Bart Haynes here in sunny San Diego, here to talk about strategies for racing. One of the reasons I love cycling races is because there is so much strategy in how you do it. You can dramatically – and I mean dramatically – improve your racing times simply by adopting a good strategy.
For me, the biggest improvements come with good strategies in:
- Hopping up from group to group
- Identifying good groups to ride with
- Knowing when to jump and when to stay put
- Managing energy output (conservation!)
- Leeching, which is a practice I know is extremely effective, but generally don’t practice
Here are my strategies.
1 – Group Hopping
Your group is going to dictate the pace at which you ride. Over the journey of your ride, you will be passed by many groups and in turn pass many of your own. A strategy I use is what I call group hopping.
Grouping hopping is starting off in a group, and continually jumping up groups until I find a group that is going at a good pace that I’m comfortable with. I will then either:
- Stay with this group as long as it’s available, or
- Jump up to a new group if I feel I can go a little faster
- Jump up to a new group if they are a little tighter (more experienced)
Finding a “good” group, not just a fast one, is really important.
2 – Group Searching
The things I look for in a group are:
- I see people rotating up front
- Everyone is riding tight (closely)
- The group “feels” driven – i.e. they appear to be there to ride
- The group is reasonably large (6-10 is great)
- Everyone in the line responds quickly to the person in front of them, a sign of experience
Identifying these groups is critical, especially as the race nears the finish. If I see a group like this riding past, I’ll usually try and hop in unless I’m spent.
3 – When to Jump
Jumping is when you have to pull away from your group, which usually means forging ahead to try and find another group ahead of you. Knowing when to jump is important because it involves knowing when to spend energy, or knowing when not to wasteenergy.
Jumping is a requirement in the following circumstances, all of which usually apply:
- Usually in the middle and middle-late parts of the race
- When no groups are close (or even in site!) in front of you
- When no faster moving groups are behind you
- When you are in a group that is either:
- Bad, where people start to leech
- Slow, where the group is cycling much slower than you can either because the group is spent or you are a faster rider
In short, you have to jump ahead and take on the wind in order to not get bogged down in a slow group. It’s a gamble though, because you could try and jump but then tire out and have to fall back into the group you are trying to jump out of, which is a huge waste of energy.
Tips for jumping:
- Ask if anyone in the group is willing to jump with you. Jumping with one or even two others is better than alone
- Try and jump at a good part of the course – wind not in your face, flat ground, a spot where you are comfortable, etc.
- If you see a lone rider or two passing the group you want to jump away from, join the lone rider
4 – Don’t Burn Too Much Early
I’ve made this mistake countless times. It’s easy to let nerves or overconfidence get the best of you and push too hard to early. The result: you feel great until about 2/3 of the way through the race when your energy crashes and burns.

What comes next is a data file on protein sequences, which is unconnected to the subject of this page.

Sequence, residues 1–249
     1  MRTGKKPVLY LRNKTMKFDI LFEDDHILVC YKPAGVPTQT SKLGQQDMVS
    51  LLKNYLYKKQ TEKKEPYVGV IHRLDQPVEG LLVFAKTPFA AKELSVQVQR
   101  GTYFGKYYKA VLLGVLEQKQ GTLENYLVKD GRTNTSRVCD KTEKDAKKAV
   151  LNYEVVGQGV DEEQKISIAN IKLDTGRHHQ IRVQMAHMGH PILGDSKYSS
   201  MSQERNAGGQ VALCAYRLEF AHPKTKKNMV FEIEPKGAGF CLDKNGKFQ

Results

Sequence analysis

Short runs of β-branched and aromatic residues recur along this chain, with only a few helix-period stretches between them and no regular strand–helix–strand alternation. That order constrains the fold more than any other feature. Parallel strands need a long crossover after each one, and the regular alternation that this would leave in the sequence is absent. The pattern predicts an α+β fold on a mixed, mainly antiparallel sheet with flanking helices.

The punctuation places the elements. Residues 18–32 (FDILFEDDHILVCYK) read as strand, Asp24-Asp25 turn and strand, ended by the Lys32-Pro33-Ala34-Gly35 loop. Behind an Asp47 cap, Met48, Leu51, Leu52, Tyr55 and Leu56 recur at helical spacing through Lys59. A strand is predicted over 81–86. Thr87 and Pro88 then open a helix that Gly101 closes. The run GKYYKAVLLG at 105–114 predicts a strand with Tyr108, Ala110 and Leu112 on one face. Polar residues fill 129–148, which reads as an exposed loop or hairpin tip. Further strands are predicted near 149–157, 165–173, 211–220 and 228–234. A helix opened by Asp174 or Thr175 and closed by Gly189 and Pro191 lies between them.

I’ve learned to be a patient rider. Some days you will over-perform and some days you will under-perform. Every day is different. On race day, you need to tease out what kind of day it is for you, and you won’t know this until a ways into the race. Feeling good before the race is no indication that you will feel good half way through.
So here are my guidelines:
- Start conservative, riding a bit below your average riding speed
- Slowly group hop as the race progresses until you have established, usually about half way through the race, how you feel
- If you feel strong half way through the race, keep group hopping to notch up your speed until you are going above average speed
- If you feel okay half way through the race, try and keep the current pace
- If you are feeling tired half way through the race, dial it back a bit, maybe group hop back
A critical part of not burning too much too early involves knowing what your average riding speed is. Which means you should have been paying attention to how fast you ride while training.
5a – Bad Leeching (Bad But Effective)
Many riders do this – I don’t. I call it leeching. Leeching is simply refusing to take your turn out front, meaning that you always draft. Personally, I’m of the opinion that we are not professional riders and so we should all do our fair share. You gain nothing by leeching except a false sense of what you can accomplish in terms of riding speed.
None the less, I recognize how effective this is for going quickly and saving energy. If I’m in a group with a leecher I will tell them to pick up the slack. Or, if they won’t, I’ll get in front of them, slow way down, and then jump back to the group I was in. Sometiems the whole group will aid in trying to drop the leecher.
5b – Good Leeching (Arranged, and Effective)
If you have a partner, you can prearrange leeching. This is a great way to get a boost. It involves someone willing to take the lead for you out front for a long time during a race. It allows you to conserve energy without actively being a nuisance to others in your group. Case in point, a good friend of mine and I will try this strategy this year during the Tour de Tucson.